As a minority religion-wise, I don’t get it. It’s just common decency to consider other people’s beliefs and to not insist yours is above the rest. Personally, I don’t mind either version. It seems the only people upset about what greeting is used during the holidays are the quacky Christians (not to be confused with the sane Christians).
Being an atheist during the holidays can be a challenge. First off, it’s the one time of year that bombardment with Christianity isn’t just tolerated, but expected. There are other religions celebrating in the winter? Who knew?
Luckily for me, I like Christmas. I grew up celebrating and carried the traditions to my children despite raising them in an atheist household. We have the tree with twinkling lights, Santa visits (although he’s about as poor as we are), we make cookies, have a big family dinner on Christmas Eve, and generally enjoy this time of year. I even like most religious Christmas music. God, Jesus, mangers, and wise men play absolutely no role in our celebrations. They aren’t mentioned at all; it’s completely secular–just the way Santa intended.
Deciding whether or not to celebrate a religious holiday when you don’t believe in the religion can cause a lot of stress for atheists. If family members aren’t pressuring you to participate, there’s an internal battle over your own personal beliefs. Not everyone goes through this. For me, it was never an issue. I never thought twice about doing Christmas with my kids, but I’ve known others that have struggled with the idea of giving into the Christians this time of year.
Trying to explain why I still celebrate Christmas as an atheist has been met with criticism in the past. I’ve been accused of just pretending to be an atheist since I still continue to participate in obvious religious holidays. I’ve been told I’m a hypocrite for saying there’s no Jesus, but celebrating his birth (which I’m not doing–it never comes up at our house). Generally, there is just confusion coming from Christians who can’t fathom anyone believing any differently than they.
Christmas is a family and cultural tradition for me. Although we’ve started a few traditions of our own since my kids were born, most come from things I did as a child like having dinner on the 24th, leaving gifts unwrapped to play with before Mom and Dad wake up, and stockings with names stitched on by hand. I also feel connected to the millions of other people celebrating Christmas (for whatever reason), knowing that on December 25th, most people are waking up to brightly wrapped gifts under a tree. It’s all about community–locally and globally.
Most atheists I know celebrate Christmas and other holidays from when they were children, but there are many that don’t. For them, this time of year can be aggravating with the music, decorations, and pushy Christians everywhere. For me the stress has more to do with affording a few gifts for the kids every year. With five children that adds up quickly.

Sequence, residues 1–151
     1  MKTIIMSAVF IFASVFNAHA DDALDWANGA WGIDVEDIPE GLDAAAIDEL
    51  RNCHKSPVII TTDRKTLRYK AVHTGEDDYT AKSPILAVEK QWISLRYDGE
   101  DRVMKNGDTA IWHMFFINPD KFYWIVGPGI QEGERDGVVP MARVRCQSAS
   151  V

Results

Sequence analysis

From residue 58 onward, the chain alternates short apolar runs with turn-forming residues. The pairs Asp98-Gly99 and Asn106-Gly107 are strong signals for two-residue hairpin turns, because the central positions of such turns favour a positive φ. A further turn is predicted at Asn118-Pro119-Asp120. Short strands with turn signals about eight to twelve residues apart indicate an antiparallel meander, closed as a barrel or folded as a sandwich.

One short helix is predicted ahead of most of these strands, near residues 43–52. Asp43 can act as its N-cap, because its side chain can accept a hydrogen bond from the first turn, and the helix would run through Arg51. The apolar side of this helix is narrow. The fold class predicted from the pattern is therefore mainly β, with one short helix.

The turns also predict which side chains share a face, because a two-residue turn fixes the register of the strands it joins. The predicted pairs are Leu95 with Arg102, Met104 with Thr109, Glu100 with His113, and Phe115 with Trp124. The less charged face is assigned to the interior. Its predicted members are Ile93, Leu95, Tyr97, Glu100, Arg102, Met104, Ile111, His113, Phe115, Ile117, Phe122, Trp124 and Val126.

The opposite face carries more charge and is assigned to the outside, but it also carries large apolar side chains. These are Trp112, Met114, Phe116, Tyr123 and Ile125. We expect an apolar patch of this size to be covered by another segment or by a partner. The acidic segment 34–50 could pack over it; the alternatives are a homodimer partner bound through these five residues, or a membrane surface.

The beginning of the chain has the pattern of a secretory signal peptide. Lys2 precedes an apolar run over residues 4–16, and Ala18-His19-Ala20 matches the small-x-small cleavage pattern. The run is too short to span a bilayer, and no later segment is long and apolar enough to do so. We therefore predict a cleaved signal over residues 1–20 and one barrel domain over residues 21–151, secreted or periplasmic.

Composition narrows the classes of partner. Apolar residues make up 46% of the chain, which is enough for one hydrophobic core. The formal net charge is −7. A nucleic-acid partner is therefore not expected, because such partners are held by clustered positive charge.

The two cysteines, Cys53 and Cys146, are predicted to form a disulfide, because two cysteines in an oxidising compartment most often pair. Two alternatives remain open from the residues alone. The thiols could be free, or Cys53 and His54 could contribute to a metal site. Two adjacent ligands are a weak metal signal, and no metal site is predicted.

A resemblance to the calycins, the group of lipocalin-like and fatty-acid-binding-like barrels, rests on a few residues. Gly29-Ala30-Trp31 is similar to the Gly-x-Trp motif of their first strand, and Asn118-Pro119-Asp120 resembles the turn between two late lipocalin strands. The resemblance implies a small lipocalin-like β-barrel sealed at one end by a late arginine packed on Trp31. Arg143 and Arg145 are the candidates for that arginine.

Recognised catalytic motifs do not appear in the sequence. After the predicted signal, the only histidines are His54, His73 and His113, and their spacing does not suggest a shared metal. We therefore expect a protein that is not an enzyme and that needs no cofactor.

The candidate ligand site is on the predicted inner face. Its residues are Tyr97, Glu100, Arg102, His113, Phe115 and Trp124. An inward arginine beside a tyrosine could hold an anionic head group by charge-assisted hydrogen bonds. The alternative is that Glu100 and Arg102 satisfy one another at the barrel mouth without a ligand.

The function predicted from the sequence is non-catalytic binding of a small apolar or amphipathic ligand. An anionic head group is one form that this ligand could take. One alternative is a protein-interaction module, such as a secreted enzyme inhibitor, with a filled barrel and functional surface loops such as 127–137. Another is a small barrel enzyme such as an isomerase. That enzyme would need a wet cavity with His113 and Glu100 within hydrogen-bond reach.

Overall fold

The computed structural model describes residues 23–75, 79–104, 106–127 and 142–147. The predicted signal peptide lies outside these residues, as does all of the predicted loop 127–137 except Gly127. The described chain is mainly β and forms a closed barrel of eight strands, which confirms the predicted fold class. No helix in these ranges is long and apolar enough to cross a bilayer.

Ninety-five years ago today, we celebrated the first Armistice Day. November 11 because a national holiday in 1938 as what we now know as Veteran’s Day–a day to celebrate all those that have served in the protection of our country.
There are many people I’d like to thank for their service: Dennis Gordon, Pat Gordon, Howard Gordon, Carl Brooks, Miranda Gordon, Crystal Sobus, Tim Ranger, Chris Ranger, Alex Connelly, Pat Connelly, Carl Gordon, and the many, many more that I’m forgetting.
And I want to thank my dad, Alan Nicholson who served in Vietnam in the Marine Corps.
Facebook is great for a lot of things. For me, the best part is being able to keep in touch with family that lives on the other side of the country. Without facebook I’d have no idea what was going on with everyone. I love being able to log in and find out what my cousin’s son is doing in Michigan or how my aunt’s vacation is going in Florida or how my old neighbor is still warring with the crazy lady next door.
But facebook has a much darker side, too. First of all, there’s all those highly addictive games. They’re sneaky and will get you every time. The games lead to the second most evil thing about facebook: game requests. No, I don’t want to help you on Candy Crush, please stop asking!
My biggest issue, though, is dealing with people on my friends’ list that have vastly different social, religious, and political ideas than me. As an atheist, facebook has been great for finding other atheists to commiserate with, but on the flip side I have to deal with people spamming my feed with stuff about god. It goes on and on, sometimes ten or fifteen posts in a row about how much god loves us or how Jesus will save us. Anti-abortion, anti-gay rights, pro-guns, pro-military, pro-crazy rancher in Nevada. Ultra conservative Evangelical Christian Republicans who believe their view is the only right one. Bob forbid you disagree with them.